Most of the world's nations have agreed to make substantial reductions in their greenhouse gas emissions, but achieving these goals is still a considerable technological, economic, and political challenge. The International Energy Agency has projected that, even with the new agreements in place, global coal-fired power generation will increase over the next few decades.
Finding a cleaner way of using that coal could be a significant step toward achieving carbon-emissions reductions while meeting the needs of a growing and increasingly industrialised world population.
Now, researchers at MIT have come up with a plan that could contribute to that effort by making it possible to generate electricity from coal with much greater efficiency—possibly reaching as much as twice the fuel-to-electricity efficiency of today's conventional coal plants.
This would mean, all things being equal, a 50% reduction in carbon dioxide emissions for a given amount of power produced.
The concept, proposed by MIT doctoral student Katherine Ong and Ronald C. Crane (1972) Professor Ahmed Ghoniem, is described in their paper in the Journal of Power Sources. The key is combining into a single system two well-known technologies: coal gasification and fuel cells.
Coal gasification is a way of extracting burnable gaseous fuel from pulverised coal, rather than burning the coal itself. The technique is widely used in chemical processing plants as a way of producing hydrogen gas. Fuel cells produce electricity from a gaseous fuel by passing it through a battery-like system where the fuel reacts electrochemically with oxygen from the air.
The attraction of combining these two systems, Ong explains, is that both processes operate at similarly high temperatures of 800ºC or more. Combining them in a single plant would thus allow the two components to exchange heat with minimal energy losses.
In fact, the fuel cell would generate enough heat to sustain the gasification part of the process, she says, eliminating the need for a separate heating system, which is usually provided by burning a portion of the coal.
Coal gasification, by itself, works at a lower temperature than combustion and "is more efficient than burning," Ong says. First, the coal is pulverised to a powder, which is then heated in a flow of hot steam, somewhat like popcorn kernels heated in an air-popper.
The heat leads to chemical reactions that release gases from the coal particles—mainly carbon monoxide and hydrogen, both of which can produce electricity in a solid oxide fuel cell.
In the combined system, these gases would then be piped from the gasifier to a separate fuel cell stack, or ultimately, the fuel cell system could be installed in the same chamber as the gasifier so that the hot gas flows straight into the cell. In the fuel cell, a membrane separates the carbon monoxide and hydrogen from the oxygen, promoting an electrochemical reaction that generates electricity without burning the fuel.
Because there is no burning involved, the system produces less ash and other air pollutants than would be generated by combustion. It does produce carbon dioxide, but this is in a pure, uncontaminated stream and not mixed with air as in a conventional coal-burning plant.
That would make it much easier to carry out carbon capture and sequestration (CCS)—that is, capturing the output gas and burying it underground or disposing of it some other way—to eliminate or drastically reduce the greenhouse gas emissions. In conventional plants, nitrogen from the air must be removed from the stream of gas in order to carry out CCS.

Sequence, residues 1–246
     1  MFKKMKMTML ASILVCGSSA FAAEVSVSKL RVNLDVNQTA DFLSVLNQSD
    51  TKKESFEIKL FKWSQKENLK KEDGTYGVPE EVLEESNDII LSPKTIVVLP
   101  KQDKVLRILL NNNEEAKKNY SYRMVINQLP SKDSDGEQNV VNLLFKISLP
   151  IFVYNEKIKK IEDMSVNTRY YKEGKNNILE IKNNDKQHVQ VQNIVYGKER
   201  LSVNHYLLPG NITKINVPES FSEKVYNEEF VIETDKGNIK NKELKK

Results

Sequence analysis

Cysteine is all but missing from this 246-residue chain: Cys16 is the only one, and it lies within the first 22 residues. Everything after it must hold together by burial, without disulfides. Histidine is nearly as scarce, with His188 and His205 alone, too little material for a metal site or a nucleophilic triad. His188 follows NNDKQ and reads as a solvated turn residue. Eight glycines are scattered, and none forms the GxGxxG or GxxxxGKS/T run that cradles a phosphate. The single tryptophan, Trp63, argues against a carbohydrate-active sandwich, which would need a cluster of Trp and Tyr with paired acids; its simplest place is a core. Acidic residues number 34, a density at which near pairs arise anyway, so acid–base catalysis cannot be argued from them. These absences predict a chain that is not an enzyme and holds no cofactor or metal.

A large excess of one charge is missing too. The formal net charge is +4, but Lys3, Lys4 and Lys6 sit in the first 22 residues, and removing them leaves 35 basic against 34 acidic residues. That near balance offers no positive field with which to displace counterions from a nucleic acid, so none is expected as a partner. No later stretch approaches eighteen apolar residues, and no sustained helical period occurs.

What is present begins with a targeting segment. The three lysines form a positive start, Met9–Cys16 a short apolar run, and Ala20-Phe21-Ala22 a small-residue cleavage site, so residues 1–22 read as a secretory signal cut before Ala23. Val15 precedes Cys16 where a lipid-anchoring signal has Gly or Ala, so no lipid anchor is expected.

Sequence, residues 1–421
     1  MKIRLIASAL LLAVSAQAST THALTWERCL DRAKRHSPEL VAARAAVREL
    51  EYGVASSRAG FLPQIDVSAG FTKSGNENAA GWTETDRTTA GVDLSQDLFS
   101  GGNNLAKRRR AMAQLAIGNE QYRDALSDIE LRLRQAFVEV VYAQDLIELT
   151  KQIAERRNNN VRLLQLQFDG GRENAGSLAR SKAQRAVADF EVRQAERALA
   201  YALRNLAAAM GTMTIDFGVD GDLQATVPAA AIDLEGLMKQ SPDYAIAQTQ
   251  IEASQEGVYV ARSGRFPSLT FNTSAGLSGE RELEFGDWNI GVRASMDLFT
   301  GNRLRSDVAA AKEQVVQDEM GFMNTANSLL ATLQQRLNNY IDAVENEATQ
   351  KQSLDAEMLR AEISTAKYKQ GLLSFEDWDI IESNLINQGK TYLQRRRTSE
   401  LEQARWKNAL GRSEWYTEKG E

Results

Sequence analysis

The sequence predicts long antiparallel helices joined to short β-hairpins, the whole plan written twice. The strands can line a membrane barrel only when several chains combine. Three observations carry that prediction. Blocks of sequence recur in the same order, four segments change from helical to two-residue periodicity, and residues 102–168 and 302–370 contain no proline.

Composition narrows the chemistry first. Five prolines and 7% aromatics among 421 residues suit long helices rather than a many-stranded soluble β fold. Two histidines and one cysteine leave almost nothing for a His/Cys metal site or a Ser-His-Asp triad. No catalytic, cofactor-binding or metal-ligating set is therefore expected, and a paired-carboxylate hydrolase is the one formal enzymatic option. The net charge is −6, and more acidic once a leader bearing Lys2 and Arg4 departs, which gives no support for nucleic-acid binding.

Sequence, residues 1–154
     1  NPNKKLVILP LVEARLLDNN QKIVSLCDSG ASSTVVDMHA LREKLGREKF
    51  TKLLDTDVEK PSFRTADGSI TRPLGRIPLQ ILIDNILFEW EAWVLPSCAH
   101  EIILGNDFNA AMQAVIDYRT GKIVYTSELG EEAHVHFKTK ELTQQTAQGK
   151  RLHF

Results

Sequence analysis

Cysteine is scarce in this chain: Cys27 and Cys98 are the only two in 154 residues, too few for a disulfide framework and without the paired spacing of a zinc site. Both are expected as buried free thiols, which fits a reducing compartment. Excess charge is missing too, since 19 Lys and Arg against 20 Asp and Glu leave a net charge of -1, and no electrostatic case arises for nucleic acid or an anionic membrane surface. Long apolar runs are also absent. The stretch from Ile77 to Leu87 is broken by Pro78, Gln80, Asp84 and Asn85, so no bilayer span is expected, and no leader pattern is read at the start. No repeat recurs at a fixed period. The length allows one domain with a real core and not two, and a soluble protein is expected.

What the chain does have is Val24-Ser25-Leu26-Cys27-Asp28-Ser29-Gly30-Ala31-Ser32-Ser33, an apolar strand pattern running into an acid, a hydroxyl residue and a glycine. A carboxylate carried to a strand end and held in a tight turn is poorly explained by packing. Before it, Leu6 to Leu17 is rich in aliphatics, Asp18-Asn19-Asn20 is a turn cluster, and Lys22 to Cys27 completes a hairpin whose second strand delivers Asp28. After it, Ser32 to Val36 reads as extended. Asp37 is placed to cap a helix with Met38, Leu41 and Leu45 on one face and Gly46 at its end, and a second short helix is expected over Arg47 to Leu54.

One of the big questions answered by this new research, which used simulations rather than lab experiments, was whether the process would work more efficiently using steam or carbon dioxide to react with the particles of coal. Both methods have been widely used, but most previous attempts to study gasification in combination with fuel cells chose the carbon dioxide option.
This new study demonstrates that the system produces two to three times as much power output when steam is used instead.
Conventional coal-burning power plants typically have very low efficiency; only 30% of the energy contained in the fuel is actually converted to electricity. In comparison, the proposed combined gasification and fuel cell system could achieve efficiencies as high as 55% to 60%, Ong says, according to the simulations.
The next step would be to build a small, pilot-scale plant to measure the performance of the hybrid system in real-world conditions, Ong says. Because the individual component technologies are all well developed, a full-scale operational system could plausibly be built within a few years, she says. "This system requires no new technologies" that need more time to develop, she says. "It's just a matter of coupling these existing technologies together well."
The system would be more expensive than existing plants, she says, but the initial capital investment could be paid off within several years due to the system's state-of-the-art efficiency. And given the importance of reducing emissions, that initial capital expense may be easy to justify, especially if new fees are attached to the carbon dioxide emitted by fossil fuels.
"If we're going to cut down on carbon dioxide emissions in the near term, the only way to realistically do that is to increase the efficiency of our fossil fuel plants," she says.
"The exploration of unconventional hybrid cycles" undertaken by Ong and Ghoniem "represents the future of clean energy production in this country," says David Tucker, a research scientist at the U.S. Department of Energy's National Energy Technology Laboratory in West Virginia, who was not involved in this research.
"Many technologies that may seem unfeasible at first glance hold the greatest promise as solutions to difficult problems. The first step is always to evaluate the potential of these cycles," as the MIT team has done, he says.